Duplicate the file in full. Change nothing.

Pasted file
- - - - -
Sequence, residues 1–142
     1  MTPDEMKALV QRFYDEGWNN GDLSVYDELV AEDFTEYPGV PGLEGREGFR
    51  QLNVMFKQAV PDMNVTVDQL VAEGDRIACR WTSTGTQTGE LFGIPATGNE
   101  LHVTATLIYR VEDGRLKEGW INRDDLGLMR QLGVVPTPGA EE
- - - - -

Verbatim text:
Sequence, residues 1–142
     1  MTPDEMKALV QRFYDEGWNN GDLSVYDELV AEDFTEYPGV PGLEGREGFR
    51  QLNVMFKQAV PDMNVTVDQL VAEGDRIACR WTSTGTQTGE LFGIPATGNE
   101  LHVTATLIYR VEDGRLKEGW INRDDLGLMR QLGVVPTPGA EE